A survey of 600 software professionals at organizations with more than 1,000 employees published today by OverOps, a provider of software analytics tools, finds the need to ensure quality still trumps the need for speed within most organizations.
According to the survey results, 70% of respondents say quality is their paramount concern and they would rather delay a product road map than risk a critical error impacting their users. More than half of the survey respondents (53%) said they encounter such critical or customer-impacting issues in production at least one or more times a month. Two out of three survey participants report spending at least a day per week troubleshooting issues in their code, with 30% spending anywhere from two days to a full week.
Nevertheless, organizations continue to invest DevOps (58%) to accelerate application development. Among those organizations, continuous integration (54%) and continuous delivery (42%) platforms were the top priority.
Other areas of investment include microservices/containers (45%), static analysis (37%) and dynamic code analysis (27%).
Nearly half of respondents (45%) said pressure to move fast was one of their top software quality challenges. More than half of respondents (59%) said they release new code/features anywhere from bi-weekly to multiple times a day.
Despite investments in DevOps, however, a quarter of participants also said that over 40% of critical production issues are first reported by end users or customers rather than internal systems.
OverOps CTO Tal Weiss said the survey makes it clear there needs to be more focus on software quality. The challenge organizations face is finding a way to achieve that goal while still accelerating the rate at which code is delivered. Too many organizations are measuring the lines of code delivered without taking into account how often they run into issues in production environments because of the quality of the code deployed.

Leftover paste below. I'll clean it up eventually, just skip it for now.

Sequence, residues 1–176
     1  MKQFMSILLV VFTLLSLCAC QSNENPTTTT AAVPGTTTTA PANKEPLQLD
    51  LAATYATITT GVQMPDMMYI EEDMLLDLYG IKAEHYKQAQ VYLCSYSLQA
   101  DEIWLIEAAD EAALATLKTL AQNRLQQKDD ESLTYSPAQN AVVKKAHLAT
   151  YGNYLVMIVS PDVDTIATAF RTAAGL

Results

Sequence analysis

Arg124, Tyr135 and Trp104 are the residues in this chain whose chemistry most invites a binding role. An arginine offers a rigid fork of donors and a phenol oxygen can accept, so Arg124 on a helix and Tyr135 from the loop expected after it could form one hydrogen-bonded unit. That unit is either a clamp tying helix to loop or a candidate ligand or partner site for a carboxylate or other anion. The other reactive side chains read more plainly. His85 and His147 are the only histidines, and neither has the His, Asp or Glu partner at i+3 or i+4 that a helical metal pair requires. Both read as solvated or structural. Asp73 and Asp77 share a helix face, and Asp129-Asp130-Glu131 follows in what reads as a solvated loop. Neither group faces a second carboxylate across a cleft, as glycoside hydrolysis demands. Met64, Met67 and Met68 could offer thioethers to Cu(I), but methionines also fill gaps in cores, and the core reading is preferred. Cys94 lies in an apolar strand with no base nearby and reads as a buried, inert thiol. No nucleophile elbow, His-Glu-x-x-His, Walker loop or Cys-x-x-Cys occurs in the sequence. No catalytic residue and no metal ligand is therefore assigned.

Of course, whenever a project falls behind one of the first places any organization looks to make up ground is by reducing the amount of time allocated to testing. However, many organizations are also integrating testing within CI/CD platforms to make sure critical testing processes are not skipped in the name of making a deadline.
It’s not clear whether software being deployed today is any higher or lower in quality than software developed using legacy waterfall approaches. As long as humans write code, there will always be issues. Proponents of DevOps will argue that deploying smaller amounts of code more frequently helps mitigate that issue. If errors are discovered, it’s easier for DevOps teams to not only roll back that smaller update but also more quickly discover the source of any issue. Sometimes that issue may have more to do with the platform the code is being deployed on than the code itself.
Regardless of the approach to developing software, there is clearly more at stake than ever. As organizations embrace digital business transformation the quality of any software update can have a major impact on the business. The challenge is first eliminating as many of those disruptions as possible and then, secondly, minimizing their potential impact on the business as quickly as possible.